Reading Matters


Creating space in the curriculum for pupils to read and discuss their own reading choices is vitally important and helps to build motivation and enthusiasm for reading.  As a school we are focused on improving students’ attitudes to reading to enhance their progress in English and their literacy skills across the curriculum.

Below you’ll find tips and advice to help your child foster their love of reading.

Mrs Lathall
Reading Coordinator

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We have a school Instagram page dedicated to all
things book related!  Follow allsaintsreading for news,
competitions and book recommendations.

Student Book Reviews

Click on the books below to hear a review from one of our students

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All Saints’ Reading Strategies 2023-2024

A key focus this year is introducing Reciprocal Reading as a school wide approach, paired with ensuring all areas of the curriculum support students ability to engage with texts in all disciplines.

The strategy: Complex and challenging texts should be read aloud by a member of staff or a competent reader within the class. Students do not need to ‘follow along’ whilst the text is read aloud.

The reciprocal reader steps can be applied to any subject area and can be modelled by teachers initially. To support students in becoming more accomplished readers, the above process can then be used to prompt questioning around what is being read.

Rationale: This will reduce cognitive load for weaker readers, as time taken decoding words can make it far harder for students to comprehend the meaning.

Clarifying key words can be done prior to reading. Again, this will reduce extraneous load and will enable to the students to engage with texts more successfully.

What the research says: Reading comprehension is highly correlated with listening comprehension (Bell & Perfetti, 1994: Gernsbacher, Varner, & Faust, 1990). For difficult to understand texts, prosody can aid understanding (Kosslyn & Matt, 1977)

General Reading aims:

  • Provide our students with the skills and strategies necessary to develop into competent and fluent readers to enable our students to be successful with the increased reading and literacy demands of the new specifications;
  • Encourage the enjoyment of books and reading so that the students develop a life-long enjoyment of text;
  • Develop a critical appreciation of what they read;
  • Develop research and study skills, using library and class texts, in conjunction with the Internet and other electronic means;
  • To develop a critical appreciation of the writing of others in order to emulate these skills in their own writing;
  • Encourage care and ownership of books.
  • All students are encouraged to independently select a wide range of reading material.  Students in years 7- 8 are expected to have a reading book with them as part of their daily equipment.

What are reciprocal reading skills?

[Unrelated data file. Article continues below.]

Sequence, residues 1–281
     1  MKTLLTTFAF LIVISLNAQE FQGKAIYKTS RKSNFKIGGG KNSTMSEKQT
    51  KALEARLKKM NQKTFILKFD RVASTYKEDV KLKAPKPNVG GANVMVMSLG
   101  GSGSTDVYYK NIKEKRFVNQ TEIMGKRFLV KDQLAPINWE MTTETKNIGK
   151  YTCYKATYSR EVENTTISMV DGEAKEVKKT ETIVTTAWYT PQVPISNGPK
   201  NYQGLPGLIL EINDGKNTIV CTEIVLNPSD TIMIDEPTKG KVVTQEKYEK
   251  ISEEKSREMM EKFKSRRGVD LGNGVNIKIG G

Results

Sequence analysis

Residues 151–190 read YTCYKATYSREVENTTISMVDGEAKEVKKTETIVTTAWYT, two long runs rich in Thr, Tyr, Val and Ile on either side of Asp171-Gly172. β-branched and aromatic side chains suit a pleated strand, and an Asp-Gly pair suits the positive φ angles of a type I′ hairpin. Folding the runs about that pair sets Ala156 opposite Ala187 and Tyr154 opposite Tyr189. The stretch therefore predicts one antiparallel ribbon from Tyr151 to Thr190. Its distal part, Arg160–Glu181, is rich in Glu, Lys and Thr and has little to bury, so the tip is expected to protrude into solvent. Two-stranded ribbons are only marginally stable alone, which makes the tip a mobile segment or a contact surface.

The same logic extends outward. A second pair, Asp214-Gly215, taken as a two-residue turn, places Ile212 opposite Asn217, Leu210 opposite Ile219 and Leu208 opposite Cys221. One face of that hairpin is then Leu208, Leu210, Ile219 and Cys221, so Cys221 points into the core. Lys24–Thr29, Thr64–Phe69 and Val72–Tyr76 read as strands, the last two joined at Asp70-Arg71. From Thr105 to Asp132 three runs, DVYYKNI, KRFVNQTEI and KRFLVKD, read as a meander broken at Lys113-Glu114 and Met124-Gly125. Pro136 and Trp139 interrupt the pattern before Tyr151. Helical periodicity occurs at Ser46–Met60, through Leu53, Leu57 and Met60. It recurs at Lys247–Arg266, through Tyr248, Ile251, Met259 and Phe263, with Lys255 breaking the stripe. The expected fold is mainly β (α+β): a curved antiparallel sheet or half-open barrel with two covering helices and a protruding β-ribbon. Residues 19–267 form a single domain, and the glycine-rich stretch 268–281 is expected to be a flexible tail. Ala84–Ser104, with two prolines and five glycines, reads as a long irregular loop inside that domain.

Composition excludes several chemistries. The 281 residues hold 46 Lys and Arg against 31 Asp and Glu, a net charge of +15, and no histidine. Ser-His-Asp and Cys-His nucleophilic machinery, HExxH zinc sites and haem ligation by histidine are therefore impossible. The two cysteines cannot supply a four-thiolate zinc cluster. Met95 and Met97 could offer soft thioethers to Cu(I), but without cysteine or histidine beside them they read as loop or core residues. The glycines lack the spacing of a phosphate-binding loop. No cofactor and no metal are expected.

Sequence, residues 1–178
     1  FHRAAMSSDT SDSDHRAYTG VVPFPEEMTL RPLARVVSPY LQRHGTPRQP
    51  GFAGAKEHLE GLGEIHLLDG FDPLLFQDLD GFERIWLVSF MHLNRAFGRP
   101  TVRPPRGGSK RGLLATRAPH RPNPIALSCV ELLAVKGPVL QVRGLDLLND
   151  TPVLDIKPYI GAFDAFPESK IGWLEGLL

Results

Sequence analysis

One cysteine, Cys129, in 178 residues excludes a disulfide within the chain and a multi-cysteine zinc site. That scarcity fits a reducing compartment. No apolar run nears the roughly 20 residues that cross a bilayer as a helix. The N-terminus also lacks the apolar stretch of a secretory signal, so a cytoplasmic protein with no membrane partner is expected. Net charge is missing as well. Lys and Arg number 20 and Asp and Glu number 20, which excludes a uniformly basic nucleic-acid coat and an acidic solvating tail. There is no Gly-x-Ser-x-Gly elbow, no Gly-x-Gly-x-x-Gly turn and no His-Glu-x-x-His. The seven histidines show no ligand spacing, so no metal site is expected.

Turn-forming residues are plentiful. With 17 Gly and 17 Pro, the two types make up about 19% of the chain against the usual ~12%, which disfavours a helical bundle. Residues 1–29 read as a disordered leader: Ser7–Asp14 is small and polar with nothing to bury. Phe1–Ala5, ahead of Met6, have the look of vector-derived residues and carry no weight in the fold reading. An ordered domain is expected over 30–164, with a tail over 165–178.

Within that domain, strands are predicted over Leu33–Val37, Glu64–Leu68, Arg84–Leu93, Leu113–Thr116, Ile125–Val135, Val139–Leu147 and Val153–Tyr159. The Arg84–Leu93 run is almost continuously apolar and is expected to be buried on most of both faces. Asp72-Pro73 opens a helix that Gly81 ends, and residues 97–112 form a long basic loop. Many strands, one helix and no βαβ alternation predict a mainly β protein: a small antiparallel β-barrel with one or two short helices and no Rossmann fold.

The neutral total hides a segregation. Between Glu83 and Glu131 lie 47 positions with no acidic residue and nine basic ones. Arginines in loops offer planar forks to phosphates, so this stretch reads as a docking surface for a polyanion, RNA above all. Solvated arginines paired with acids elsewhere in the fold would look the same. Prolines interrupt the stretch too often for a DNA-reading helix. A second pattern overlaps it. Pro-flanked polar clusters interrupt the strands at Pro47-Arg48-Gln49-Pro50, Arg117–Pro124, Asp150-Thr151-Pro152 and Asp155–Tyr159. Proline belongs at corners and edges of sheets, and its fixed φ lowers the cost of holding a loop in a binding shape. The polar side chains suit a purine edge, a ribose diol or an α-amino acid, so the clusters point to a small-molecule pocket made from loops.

Reciprocal reading is a reading practice designed to develop and support comprehension.
Students are encourage to read, talk and think their way through a text using the following skills:

Prediction, Clarity, Questioning and Summarising

Prediction—Making predictions from what is already known from the text structure and text features.

Clarify—Clarifying unfamiliar vocabulary and challenging concepts.

Questioning-Asking questions about the text using Who, What, Where, When and Why.

Summarising—Summing up the main ideas or gist of the text.

Efficient readers synthesise these strategies when reading.  In order to make these explicit to students, it is essential that each one is modelled and scaffolded separately.

How can I support my child with their reading?

  1. Look for things your children might like to read.  Use their interests and hobbies as starting points.
  2. Encourage your child to read aloud to you an exciting passage in a book, an interesting section in the newspaper, or a joke in a joke book.  When children read aloud, don’t feel they have to get every word right.  Even good readers skip or mispronounce words now and then!
  3. Set aside a special place for children to keep their own books.
  4. Let your children see you reading for pleasure in your spare time.
  5. Visit the library regularly and explore the children’s section together.
  6. Ask a librarian to suggest books and magazines your children might enjoy.
  7. Encourage older children to read to their younger brothers and
    sisters.  Older children enjoy showing off their skills to an admiring audience.
  8. Play games that are reading-related.
  9. Share your reactions to things you read, and encourage your children to do likewise.
  10. Read aloud to your child, especially a child who is discouraged by his or her own poor reading skills.  The pleasure of listening to you read, rather than struggling alone, may restore your child’s initial enthusiasm for books and reading.

Aspirational Reading

The Top 50 Books to read before you leave school. Click on a title to read more about that book.

Useful Websites

The National Literacy Trust ( has several important initiatives to help boys’ reading.

The Reading Agency  ( promotes the benefits of reading at all stages of life.

World Book Day ( provides exciting and fun new  resources based on your favourite books, brands, characters and authors.

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